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Re: LOD Data Sets, Licensing, and AWS

From: Kingsley Idehen <kidehen@openlinksw.com>
Date: Wed, 24 Jun 2009 12:18:01 -0400
Message-ID: <4A4251B9.1000303@openlinksw.com>
To: Leigh Dodds <leigh.dodds@talis.com>
CC: Ian Davis <lists@iandavis.com>, public-lod@w3.org
Leigh Dodds wrote:
> 2009/6/24 Kingsley Idehen <kidehen@openlinksw.com>:
>   
>> My comments are still fundamentally about my preference for CC-BY-SA.  Hence
>> the transcopyright reference :-)
>>     
>
> Unfortunately your preference doesn't actually it make it legally
> applicable to data and databases. 
> The problem, as I see it,  at the
> moment is that this is what the majority of people are doing: using a
> CC license to capture their desire or intent with respect to
> licensing, rights waivers, attribution, intended uses, etc. The
> disconnect is between what people want to do with the license, and
> what's actually supported in law.
>
>   
>> I want Linked Data to have its GPL equivalent; a license scheme that:
>>
>> 1.  protects the rights of data contributors;
>> 2.  easy to express;
>> 3.  easy to adhere to;
>> 4.  easy to enforce.
>>     
>
> Then the best way to do this is to engage with the communities that
> are attempting to do exactly that: the open data commons and creative
> commons. We shouldn't be encouraging people to do the wrong thing and
> use licenses and waivers that don't actually do what they want them to
> do. The science commons protocol is a good example of best practices
> w.r.t data licensing that are being agreed to within a specific
> community; one that has a a long standing culture of citation and
> attribution.
>
> IMHO much of the advice and reasoning that has gone into the
> definition and publishing of the science commons protocol is
> applicable to the the web of data as a whole. Convergence on a commons
> -- which can still support and encourage attribution through community
> norms -- is a Good Thing.
>   

To save time etc..

What is the URI of a license that effectively enables data publishers to 
express and enforce how they are attributed? Whatever that is I am happy 
with. Whatever that is will be vital to attracting curators of high 
quality data to the LOD fold.

If you have a an example URI even better.

>   
>> As I stated during one of the Semtech 2009 sessions. HTTP URIs provide a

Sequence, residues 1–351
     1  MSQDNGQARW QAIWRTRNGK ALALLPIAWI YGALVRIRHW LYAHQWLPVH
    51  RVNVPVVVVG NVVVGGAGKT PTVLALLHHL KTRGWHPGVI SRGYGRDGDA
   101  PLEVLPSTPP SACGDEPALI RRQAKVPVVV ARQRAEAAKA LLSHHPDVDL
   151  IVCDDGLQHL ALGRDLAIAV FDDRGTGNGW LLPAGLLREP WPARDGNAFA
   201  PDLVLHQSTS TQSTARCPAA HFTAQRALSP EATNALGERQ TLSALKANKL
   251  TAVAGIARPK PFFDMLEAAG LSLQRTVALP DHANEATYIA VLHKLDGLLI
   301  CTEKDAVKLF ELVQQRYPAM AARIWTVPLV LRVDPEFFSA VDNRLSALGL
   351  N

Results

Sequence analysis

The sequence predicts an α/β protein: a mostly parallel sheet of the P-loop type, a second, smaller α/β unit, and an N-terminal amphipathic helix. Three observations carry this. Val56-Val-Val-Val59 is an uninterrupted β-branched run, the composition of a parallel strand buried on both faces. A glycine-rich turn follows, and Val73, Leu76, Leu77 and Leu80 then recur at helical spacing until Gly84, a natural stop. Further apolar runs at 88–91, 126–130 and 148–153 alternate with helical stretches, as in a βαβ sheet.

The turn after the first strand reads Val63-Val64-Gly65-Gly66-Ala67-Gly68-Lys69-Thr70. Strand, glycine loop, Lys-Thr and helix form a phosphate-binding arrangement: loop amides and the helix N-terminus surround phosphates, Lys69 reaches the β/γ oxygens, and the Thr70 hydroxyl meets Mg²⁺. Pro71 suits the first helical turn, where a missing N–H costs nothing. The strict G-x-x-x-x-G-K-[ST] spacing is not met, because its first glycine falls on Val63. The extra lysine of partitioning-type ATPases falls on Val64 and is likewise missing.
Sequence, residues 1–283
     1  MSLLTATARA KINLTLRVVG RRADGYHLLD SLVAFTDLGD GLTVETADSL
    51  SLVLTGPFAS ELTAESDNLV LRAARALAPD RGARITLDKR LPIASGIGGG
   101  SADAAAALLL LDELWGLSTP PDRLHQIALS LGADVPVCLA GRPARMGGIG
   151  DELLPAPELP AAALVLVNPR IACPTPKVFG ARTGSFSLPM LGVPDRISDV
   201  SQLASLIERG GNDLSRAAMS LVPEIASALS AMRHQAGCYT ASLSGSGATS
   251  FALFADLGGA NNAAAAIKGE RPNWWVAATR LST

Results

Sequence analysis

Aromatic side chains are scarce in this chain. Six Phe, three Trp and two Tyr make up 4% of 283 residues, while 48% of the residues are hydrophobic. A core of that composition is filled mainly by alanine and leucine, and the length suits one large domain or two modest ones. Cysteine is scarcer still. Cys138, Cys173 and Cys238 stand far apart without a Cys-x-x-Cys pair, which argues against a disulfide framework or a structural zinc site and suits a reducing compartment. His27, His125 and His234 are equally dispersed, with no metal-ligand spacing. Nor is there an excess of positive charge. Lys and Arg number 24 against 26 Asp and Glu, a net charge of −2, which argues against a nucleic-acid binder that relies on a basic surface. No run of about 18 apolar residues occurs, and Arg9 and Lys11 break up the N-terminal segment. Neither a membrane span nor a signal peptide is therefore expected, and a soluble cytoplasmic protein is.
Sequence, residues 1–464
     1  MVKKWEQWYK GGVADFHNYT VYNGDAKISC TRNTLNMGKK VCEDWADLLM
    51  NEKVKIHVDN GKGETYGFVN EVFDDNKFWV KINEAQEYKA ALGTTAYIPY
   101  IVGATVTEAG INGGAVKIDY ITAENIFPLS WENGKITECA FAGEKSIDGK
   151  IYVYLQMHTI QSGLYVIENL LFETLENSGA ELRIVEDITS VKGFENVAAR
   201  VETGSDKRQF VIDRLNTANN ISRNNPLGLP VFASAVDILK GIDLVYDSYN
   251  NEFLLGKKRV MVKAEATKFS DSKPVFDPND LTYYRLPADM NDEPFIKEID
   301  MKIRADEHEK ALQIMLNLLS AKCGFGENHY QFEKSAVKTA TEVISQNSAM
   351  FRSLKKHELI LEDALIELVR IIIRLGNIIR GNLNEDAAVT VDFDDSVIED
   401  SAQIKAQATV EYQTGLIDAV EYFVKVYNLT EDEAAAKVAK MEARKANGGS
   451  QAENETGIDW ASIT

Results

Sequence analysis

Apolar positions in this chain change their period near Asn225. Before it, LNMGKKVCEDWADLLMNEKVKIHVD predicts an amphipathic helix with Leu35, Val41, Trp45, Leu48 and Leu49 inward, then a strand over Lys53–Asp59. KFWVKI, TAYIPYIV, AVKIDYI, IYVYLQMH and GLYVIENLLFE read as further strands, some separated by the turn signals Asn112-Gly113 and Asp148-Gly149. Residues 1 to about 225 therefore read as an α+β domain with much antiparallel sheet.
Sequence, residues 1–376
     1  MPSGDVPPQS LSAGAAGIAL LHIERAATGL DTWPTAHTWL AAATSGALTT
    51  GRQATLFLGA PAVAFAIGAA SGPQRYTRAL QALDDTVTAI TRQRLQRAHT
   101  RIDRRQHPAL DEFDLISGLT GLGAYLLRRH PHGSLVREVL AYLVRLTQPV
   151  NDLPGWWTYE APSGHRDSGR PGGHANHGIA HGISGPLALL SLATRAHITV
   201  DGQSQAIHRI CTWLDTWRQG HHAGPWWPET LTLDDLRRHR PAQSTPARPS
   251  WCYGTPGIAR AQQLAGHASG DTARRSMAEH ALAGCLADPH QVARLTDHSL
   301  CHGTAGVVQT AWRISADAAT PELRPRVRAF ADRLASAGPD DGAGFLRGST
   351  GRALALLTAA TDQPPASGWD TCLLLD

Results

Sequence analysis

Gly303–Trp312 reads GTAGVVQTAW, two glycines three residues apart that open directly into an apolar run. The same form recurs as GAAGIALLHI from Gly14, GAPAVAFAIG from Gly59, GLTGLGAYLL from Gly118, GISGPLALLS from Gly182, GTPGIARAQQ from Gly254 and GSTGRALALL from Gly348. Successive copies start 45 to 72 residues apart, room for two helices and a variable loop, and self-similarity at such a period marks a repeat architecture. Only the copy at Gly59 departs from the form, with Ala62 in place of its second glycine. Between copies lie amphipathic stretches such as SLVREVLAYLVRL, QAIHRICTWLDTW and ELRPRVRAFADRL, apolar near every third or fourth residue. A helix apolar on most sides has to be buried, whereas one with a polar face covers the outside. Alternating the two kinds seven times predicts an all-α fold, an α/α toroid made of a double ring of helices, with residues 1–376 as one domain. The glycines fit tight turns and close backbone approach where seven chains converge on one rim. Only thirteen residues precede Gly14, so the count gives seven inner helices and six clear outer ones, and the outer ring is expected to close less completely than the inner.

>> closed loop re. the above. When you visit my data space you leave your
>> fingerprints in my HTTP logs. I can follow the log back to your resources to
>> see if you are conforming with my terms. I can compare the data in your
>> resource against my and sniff out if you are attributing your data sources
>> (what you got from me) correctly.
>>
>> If all the major media companies grok the above, there will be far less
>> resistance to publishing linked data since they will actually have better
>> comprehension of its inherent virtues and positive impact on their bottom
>> line.
>>     
>
> I'm not sure that understanding the value of a unique uri for every
> resource, and the benefits of a larger surface area of their website,
> is the primary barrier to entry for those companies. One might build
> similar arguments around SEO and APIs. IMO, the understanding has to
> come through the network effects created by opening up the data for
> widest possible reuse. Clear and liberal licensing is a part of that.
>   

Take a look at Freebase, and how they are effectively doing what I 
espouse. Google uses Freebase URIs, and they attribute by URI.

I see Freebase using CC-BY-SA to effectively propagate their URIs. I 
also see all consumers of Freebase URIs honoring the terms without any 
issues.

Kingsley
> Cheers,
>
> L.
>
>   


-- 


Regards,

Kingsley Idehen	      Weblog: http://www.openlinksw.com/blog/~kidehen
President & CEO 
OpenLink Software     Web: http://www.openlinksw.com
Received on Wednesday, 24 June 2009 16:18:46 UTC

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